How much the government should involve themselves in the lives of the public has been a theme of 2020 and the Covid crisis. Whatever your views it is unlikely you are totally happy. Die hard libertarians, even in the most conservative of jurisdictions, can point to plenty of ways that the right to do exactly what you want has been limited. On the opposite end those urging more regulation have plenty to complain about, with late, inconsistent and half-hearted measures that have been less effective than we might all hope.
Behavioral economics has much to say on regulation. In 2003 Colin Camerer and his colleages tried to frame the problem of regulation for a legal audience. They argued that some government action seeks redistribution (to help the less fortunate) and other actions seek to address the provision of public goods (to make us all better off). They don’t address the value of such activities. Instead they outline their idea of asymmetric paternalism which creates regulation that is designed to help individuals who would otherwise not make perfect decisions.
The challenge with paternalism is somewhat obvious. Telling people what they can and cannot do is rarely popular. In addition, who wants to hear that they can’t make the right decisions for themsleves? That said, the idea from traditional economics that we all think through all decisions and come up with the best answer — often, I think wrongly, called ‘rationality’ — is clearly strange to anyone who has met a human being.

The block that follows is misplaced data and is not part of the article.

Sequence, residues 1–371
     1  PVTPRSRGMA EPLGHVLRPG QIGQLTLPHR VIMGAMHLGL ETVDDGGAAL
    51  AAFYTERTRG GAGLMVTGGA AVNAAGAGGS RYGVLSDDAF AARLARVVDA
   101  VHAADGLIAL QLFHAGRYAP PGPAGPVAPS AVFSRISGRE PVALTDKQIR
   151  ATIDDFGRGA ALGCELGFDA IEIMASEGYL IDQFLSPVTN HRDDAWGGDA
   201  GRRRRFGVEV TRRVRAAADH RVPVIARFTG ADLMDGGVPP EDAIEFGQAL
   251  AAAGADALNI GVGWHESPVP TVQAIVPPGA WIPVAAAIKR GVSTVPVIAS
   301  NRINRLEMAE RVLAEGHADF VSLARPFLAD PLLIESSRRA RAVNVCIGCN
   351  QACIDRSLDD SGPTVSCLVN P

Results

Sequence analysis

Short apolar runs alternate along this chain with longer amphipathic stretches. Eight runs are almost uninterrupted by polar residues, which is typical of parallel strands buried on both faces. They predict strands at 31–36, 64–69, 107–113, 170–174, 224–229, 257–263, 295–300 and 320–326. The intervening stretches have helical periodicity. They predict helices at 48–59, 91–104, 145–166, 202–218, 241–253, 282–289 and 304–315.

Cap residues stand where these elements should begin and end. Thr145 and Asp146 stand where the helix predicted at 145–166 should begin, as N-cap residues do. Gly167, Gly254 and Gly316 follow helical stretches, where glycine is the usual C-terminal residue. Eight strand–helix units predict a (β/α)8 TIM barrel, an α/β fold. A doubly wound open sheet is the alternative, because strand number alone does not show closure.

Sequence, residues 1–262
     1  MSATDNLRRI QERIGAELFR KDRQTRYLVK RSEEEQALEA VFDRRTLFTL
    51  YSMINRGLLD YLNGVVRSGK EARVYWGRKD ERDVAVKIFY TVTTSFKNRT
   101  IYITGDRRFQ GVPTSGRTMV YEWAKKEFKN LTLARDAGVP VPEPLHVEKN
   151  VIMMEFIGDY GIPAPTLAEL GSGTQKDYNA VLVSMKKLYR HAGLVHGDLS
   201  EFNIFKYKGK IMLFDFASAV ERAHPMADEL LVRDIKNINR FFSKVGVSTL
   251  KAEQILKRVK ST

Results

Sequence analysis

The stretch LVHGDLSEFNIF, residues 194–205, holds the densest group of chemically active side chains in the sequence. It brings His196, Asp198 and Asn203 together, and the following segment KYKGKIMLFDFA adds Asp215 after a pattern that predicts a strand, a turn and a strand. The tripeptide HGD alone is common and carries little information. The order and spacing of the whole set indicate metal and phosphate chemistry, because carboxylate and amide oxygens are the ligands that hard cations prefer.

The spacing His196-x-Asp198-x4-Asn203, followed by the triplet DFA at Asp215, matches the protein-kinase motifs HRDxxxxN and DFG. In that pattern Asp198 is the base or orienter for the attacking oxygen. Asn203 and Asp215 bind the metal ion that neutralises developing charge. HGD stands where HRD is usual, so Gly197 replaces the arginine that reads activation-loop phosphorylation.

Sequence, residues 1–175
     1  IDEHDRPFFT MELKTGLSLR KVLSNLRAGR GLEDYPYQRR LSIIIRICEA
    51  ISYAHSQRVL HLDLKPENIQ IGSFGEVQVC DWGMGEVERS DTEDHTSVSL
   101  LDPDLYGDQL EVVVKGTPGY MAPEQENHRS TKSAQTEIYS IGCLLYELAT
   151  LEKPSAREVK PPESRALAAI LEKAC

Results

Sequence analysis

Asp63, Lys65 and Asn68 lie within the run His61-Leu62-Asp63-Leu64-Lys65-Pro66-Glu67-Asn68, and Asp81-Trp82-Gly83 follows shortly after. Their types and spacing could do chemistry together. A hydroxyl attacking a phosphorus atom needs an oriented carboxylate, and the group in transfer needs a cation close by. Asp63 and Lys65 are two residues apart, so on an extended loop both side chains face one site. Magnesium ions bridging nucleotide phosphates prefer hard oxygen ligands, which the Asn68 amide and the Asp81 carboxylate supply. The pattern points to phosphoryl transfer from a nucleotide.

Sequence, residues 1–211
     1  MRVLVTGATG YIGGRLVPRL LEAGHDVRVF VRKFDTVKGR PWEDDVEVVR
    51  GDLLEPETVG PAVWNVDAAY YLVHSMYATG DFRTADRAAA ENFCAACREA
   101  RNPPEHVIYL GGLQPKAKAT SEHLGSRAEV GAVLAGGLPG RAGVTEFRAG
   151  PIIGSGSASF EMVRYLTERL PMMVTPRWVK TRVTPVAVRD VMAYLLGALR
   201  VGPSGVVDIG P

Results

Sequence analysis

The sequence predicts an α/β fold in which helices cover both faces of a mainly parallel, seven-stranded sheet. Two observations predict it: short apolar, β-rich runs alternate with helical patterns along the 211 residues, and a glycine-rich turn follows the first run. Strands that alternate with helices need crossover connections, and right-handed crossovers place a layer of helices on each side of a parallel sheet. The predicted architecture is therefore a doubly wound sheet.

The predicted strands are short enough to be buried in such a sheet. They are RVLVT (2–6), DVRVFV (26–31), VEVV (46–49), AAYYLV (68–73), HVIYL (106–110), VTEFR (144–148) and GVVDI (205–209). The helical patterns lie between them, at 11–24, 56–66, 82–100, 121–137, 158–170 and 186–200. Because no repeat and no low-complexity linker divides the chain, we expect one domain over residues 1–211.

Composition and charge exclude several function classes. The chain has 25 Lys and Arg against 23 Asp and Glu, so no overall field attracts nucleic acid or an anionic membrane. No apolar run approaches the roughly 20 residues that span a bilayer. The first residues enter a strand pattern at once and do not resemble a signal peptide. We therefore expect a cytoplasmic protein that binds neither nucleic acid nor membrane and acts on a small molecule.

The authors’ asymmetric paternalism aims is a type of paternalistic regulation where the benefits to those who don’t naturally make perfect choices are high compared to the costs to those who would make perfect chocies without the paternalistic regulation. (They also consider the costs to implement the policy and any change — positive or negative — in firm profits).
The authors want regulation to help consumers but only when the value of regulation to the imperfect decision makers has been weighed against, and greatly exceeds, the costs of the regulation to the perfect decision makers. Given this seems relatively uncontenious they think such asymmetric paternalism with its large benefits and low costs should be embraced even by conservatives who might not be naturally as keen on regulation.
The aim of the approach is that: “asymmetric paternalism helps those whose rationality is bounded [imperfect decision makers] from making a costly mistake and harms more rational folks [perfect decision makers] very little. Such policies should appeal to everyone across the political spectrum and can potentially shift the debate from one about whether or not paternalism is justified, to one about whether the benefits of mistake prevention are larger than the harms imposed on rational people” (Camerer, Issacharoff, Loewenstein, O’donoghue, & Rabin, 2003, page 1254). Sadly, everyone agreeing on the right form of regulation doesn’t seem to have happened but at least their idea seems reasonable to think about.
Read: Colin Camerer, Samuel Issacharoff, George Loewenstein, Ted O’donoghue, & Matthew Rabin (2003). Regulation for Conservatives: Behavioral Economics and the Case for” Asymmetric Paternalism”. University of Pennsylvania Law Review, 151(3), 1211-1254.